The Minister of the Economy, interviewed by “Le Journal du Dimanche”, warns that the recovery of the economy will take, whatever happens, months.
In a major interview in the “Journal du Dimanche”, Bruno Le Maire warns the French: the return to normal will be long and difficult. In the midst of a health crisis caused by the coronavirus pandemic, the boss of Bercy indicates that, on the economic front, the outcome of the battle is still not in sight. Prime Minister Edouard Philippe warned on Thursday that the deconfinement would “not be for tomorrow morning”; the Minister of the Economy adopts the same rhetoric. “Do not make the French believe that everything will quickly become as before and that tomorrow, for example, millions of Chinese tourists will return to France”, he underlines in “The JDD”.
The minister ensures that it will be possible to keep the promise hammered by Emmanuel Macron on March 12, saving lives and the economy “whatever the cost”. Public action will be massively engaged “as long as the crisis lasts,” explains Bruno Le Maire in the daily newspaper on the seventh day. “I prefer that we go into debt today, by avoiding a shipwreck, rather than let whole sections of our economy be destroyed,” he insists.
“The best answer to debt is growth”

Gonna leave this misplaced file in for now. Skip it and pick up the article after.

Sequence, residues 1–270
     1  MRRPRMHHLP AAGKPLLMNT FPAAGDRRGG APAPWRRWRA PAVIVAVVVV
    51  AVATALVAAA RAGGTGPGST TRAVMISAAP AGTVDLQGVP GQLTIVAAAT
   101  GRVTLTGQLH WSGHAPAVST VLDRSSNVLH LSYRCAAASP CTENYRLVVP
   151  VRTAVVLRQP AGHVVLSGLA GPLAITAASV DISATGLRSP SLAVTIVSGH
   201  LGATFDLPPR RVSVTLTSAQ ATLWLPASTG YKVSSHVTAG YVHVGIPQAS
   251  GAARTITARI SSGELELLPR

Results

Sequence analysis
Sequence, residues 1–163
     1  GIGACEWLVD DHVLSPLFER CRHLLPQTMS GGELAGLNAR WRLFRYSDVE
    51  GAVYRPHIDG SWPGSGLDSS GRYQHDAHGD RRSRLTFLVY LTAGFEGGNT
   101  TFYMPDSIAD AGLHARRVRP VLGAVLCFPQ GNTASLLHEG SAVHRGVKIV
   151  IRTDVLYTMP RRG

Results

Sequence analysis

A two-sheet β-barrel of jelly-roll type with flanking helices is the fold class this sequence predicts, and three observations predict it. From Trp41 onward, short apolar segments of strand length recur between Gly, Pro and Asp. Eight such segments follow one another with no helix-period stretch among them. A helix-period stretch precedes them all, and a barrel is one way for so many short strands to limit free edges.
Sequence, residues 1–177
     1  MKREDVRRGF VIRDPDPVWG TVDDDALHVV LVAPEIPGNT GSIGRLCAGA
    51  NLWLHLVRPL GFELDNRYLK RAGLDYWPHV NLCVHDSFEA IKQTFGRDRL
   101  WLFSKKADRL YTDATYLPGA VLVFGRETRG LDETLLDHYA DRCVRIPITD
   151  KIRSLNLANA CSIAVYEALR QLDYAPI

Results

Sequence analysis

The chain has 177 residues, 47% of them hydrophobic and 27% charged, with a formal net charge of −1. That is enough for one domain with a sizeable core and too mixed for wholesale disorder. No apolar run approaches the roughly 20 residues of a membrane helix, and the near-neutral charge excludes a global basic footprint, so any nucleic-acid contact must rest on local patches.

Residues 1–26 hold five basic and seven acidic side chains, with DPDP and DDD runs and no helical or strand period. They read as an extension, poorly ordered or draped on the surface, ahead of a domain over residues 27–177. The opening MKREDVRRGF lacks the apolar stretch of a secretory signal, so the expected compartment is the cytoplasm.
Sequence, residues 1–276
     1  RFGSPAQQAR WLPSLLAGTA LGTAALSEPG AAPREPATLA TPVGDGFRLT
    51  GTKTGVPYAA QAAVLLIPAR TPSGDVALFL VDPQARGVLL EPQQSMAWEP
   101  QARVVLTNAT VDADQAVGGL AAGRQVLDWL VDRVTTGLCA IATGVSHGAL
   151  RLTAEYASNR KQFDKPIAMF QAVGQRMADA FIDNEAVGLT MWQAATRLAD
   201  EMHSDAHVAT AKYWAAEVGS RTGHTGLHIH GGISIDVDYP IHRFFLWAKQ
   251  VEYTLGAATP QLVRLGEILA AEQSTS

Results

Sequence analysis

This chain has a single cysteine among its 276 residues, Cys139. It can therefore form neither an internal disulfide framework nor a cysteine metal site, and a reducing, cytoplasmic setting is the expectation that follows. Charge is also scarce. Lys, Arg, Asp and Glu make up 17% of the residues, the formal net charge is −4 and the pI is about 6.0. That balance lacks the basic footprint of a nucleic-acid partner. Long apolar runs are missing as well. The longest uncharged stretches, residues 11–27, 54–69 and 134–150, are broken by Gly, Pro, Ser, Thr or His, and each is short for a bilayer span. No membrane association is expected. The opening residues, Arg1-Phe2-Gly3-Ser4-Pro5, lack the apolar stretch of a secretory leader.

France’s economic policy will be permanently changed, warns the minister. The explosion in public debt does not worry him: “The best answer to the debt is growth,” he says. To get out of the crisis, it will also be necessary to support business investment, “absolute priority”. Asked about the continuation of the reforms initiated by the government, Bruno Le Maire replied that “the only roadmap” is “the most powerful and fastest economic recovery possible”. He notes in passing that consumption has collapsed: “Payments by bank card dropped by 50% last week compared to 2019. In return, the passbooks A are at their highest,” he observed.
Interview:“Partial unemployment does not always prevent layoffs”
In the longer term, Bruno Le Maire anticipates “still difficult decisions” to relocate strategic productions. We must “rearm”, he said, asked about the shortage of masks. “This is also true for medicines,” he says, and for agriculture: “This crisis demonstrates how essential it is to guarantee good food for the French people, in all circumstances.”
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